Friday, February 26, 2016

my work in progress: the decision to have surgery, part two

Last week I decided to start posting excerpts from my future book in an effort to get my head back in the game and refocus.

Continued from last week's post...

The Decision to Have Surgery (continued)

The first incident happened on a flight to catch a cruise out of Florida.  I booked a cruise with my friend, Cindy, and two friends of hers, which was scheduled to depart mid-March in 2013.  It was the Monsters of Rock cruise, which sailed from Fort Lauderdale, Florida, to the Bahamas.  It was basically 24/7 concerts featuring many 80s hard rock bands. Most of the bands were smaller names; however, there were a few well-known names, such as Tesla, Stryper, and Faster Pussycat.  The ship stopped at Coco Cay and Nassau.  It was a lot of fun and I came back with a very bad sunburn and a few extra pounds—I drank what I imagine was a huge amount of calories in the form of frozen cocktails. (Later I commented to Cindy that I never felt hungry.  Well, that's because I was getting all my calories from booze.)

As I mentioned, the cruise sailed from Florida and I’m in Connecticut, so we had to fly there.  Cindy and I flew together and the two other women flew down together a day ahead of us.  In the months leading up the cruise, I remember being worried that I wouldn’t be able to buckle the seatbelt on the plane.  I tried very hard to get back on the diet bandwagon so that I would lose a few pounds by time the cruise rolled around. I remember talking to Cindy on the phone, trying to convince her to get back on track with her diet and asking her if she really wanted to be the biggest woman in the group.  The reason I said that was because she was talking about how depressed she was and that she couldn’t lose the weight, and I guess I wanted to somehow shock or shame her into getting back on track. Now that I think back on it, I feel terrible for doing that. I was honestly trying to help and wanted both of us to lose some weight before the cruise, but I now realize it probably had the opposite effect.

The day of departure came around and we got on the plane.  We were both having trouble buckling the seat belt.  I tried several things to get it to buckle:  I pulled with all my might, as though there was an extra three inches of seat belt I could magically pull out of my ass; I sucked in my stomach as far as I could; and I even sat up higher in the seat so the seat belt would hit lower under my stomach.  No dice.  I finally just laid the belt over my lap and covered the buckle with my arm, hoping that the flight attendant wouldn’t notice.  She didn’t.  It’s pretty crazy to think that I would rather fly without a seat belt and risk injury, than just ask for a seat belt extender.  The same thing happened on the flight back, although I was eventually able to buckle it. It squeezed me and made my stomach hurt, so I only buckled it for take-off and landing.

The second incident happened when Bob and I flew out to Las Vegas so I could see my all-time favorite band, Def Leppard, who were playing a residency at the Hard Rock Hotel.  This was about two weeks after the Monsters of Rock cruise.  I was nervous to get on the plane knowing what happened when I flew to Florida two weeks before.  Bob and I got on the plane and when I went to go buckle the seat belt, it wouldn’t buckle.  This seat belt, believe it or not, was even shorter than the ones I had on the plane to and from Florida!  I realized that there was no way I could buckle it, and it wouldn’t be easily hidden like last time.  I decided to ask for a seat belt extender.  Unfortunately, the flight attendant wasn’t sensitive to the fact that I was obviously overweight and was probably embarrassed about asking; therefore, he yelled out to the other flight attendant, all the way at the front of the plane, to get the extender from the compartment.  It was brought back to me and I quickly put it on, hoping that no one noticed.  To this day I don’t remember if anyone saw me or not, but I remember feeling as though every eye was on me, judging me for the “fat cow” they thought I was.  It was incredibly humiliating.  My face was probably bright red and my eyes were tearing up.  I quickly texted my sister, Dorie, to tell her what had happened and how upset and embarrassed I was.  She said a few things to calm me down—she’s great like that—and that helped.  The flight back wasn’t much better, although the flight attendant was very discreet.  She got the extender and concealed it as she carried it back to me; I really appreciated that.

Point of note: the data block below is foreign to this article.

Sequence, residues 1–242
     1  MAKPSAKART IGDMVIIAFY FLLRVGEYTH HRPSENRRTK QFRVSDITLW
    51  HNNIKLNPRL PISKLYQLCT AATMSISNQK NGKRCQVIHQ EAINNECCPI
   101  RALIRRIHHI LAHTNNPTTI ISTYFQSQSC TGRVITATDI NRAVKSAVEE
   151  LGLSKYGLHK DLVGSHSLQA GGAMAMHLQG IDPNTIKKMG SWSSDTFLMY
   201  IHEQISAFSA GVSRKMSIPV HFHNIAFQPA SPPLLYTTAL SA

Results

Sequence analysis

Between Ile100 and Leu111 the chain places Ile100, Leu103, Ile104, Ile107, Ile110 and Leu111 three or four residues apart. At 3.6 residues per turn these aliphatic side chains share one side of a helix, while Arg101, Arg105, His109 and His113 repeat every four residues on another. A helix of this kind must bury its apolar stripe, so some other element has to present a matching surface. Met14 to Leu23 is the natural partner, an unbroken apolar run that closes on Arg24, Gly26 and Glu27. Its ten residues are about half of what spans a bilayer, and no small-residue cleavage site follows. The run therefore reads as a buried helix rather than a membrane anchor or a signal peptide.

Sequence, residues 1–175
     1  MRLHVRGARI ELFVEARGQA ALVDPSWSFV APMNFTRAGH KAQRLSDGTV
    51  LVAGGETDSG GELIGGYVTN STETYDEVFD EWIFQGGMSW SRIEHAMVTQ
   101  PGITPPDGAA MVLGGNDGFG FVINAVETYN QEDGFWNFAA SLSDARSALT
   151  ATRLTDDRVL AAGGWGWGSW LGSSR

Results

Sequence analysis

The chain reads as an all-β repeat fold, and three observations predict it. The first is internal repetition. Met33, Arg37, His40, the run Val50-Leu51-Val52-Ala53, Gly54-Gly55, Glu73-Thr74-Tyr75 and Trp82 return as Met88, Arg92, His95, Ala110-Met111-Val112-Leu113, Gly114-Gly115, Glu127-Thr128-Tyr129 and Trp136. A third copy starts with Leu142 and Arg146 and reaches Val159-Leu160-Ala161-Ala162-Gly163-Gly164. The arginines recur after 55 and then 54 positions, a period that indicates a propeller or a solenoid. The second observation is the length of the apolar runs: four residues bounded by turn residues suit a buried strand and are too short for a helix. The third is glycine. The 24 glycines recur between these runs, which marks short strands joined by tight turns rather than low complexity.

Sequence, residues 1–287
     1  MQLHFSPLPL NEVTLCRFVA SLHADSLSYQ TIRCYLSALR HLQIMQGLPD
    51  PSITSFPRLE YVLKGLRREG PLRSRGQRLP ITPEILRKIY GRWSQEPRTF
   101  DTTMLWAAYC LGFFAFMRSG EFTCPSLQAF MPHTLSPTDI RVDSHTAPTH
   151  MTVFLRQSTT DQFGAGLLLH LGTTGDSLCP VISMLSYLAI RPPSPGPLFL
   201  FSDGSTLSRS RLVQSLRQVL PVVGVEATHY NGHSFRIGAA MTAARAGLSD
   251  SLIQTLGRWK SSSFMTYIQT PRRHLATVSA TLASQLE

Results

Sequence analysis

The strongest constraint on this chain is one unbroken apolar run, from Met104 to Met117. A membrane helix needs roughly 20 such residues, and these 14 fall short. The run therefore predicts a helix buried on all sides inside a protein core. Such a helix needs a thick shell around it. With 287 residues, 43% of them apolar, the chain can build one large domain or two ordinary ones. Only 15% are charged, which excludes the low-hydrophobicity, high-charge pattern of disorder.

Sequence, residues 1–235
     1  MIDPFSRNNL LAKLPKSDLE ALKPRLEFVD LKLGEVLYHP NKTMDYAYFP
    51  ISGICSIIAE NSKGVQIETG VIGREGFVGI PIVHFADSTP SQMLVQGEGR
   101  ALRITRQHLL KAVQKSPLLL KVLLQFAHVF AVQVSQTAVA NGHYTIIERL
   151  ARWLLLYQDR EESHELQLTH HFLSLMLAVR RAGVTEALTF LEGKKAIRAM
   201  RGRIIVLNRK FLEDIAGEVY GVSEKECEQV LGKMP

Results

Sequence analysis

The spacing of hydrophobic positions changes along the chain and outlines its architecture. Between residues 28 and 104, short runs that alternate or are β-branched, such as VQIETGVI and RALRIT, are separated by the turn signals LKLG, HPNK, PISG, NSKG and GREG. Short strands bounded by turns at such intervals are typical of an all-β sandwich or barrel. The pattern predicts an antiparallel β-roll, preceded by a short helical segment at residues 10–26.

On the flight back from Las Vegas is when I made the decision to have weight loss surgery.  Never in my life have I had to ask for a seat belt extender on an airplane, although I admit there were a few times I should have asked. It was the most humiliating experience I’ve ever had.  Even worse than being asked if I’m pregnant at age 13. I decided then that I would never feel like that again.

To be continued...

Another cat picture, as a reward for reading. Max and Bailey.


  1. I feel your pain so much... I actually travel for work quite a bit so i went on Amazon and purchased a seat belt extender. There are some planes i don't need it, but the ones that have shorter belts, i have to stealthily figure out how to conceal it in my hand and put it on without the person next to me seeing. It is SO SO embarrassing... Thankfully i have never had to ask, so i cant even imagine how you must have felt when the flight attendant yelled it out so the whole plane could hear. Hopefully from here on out, you and I will never have to use one ever again!!!

    1. I bought one years ago, but it was specific to Southwest and I never ended up using it. I know what you mean: it was so embarrassing not only to ask, but to put it on and pretend no one noticed.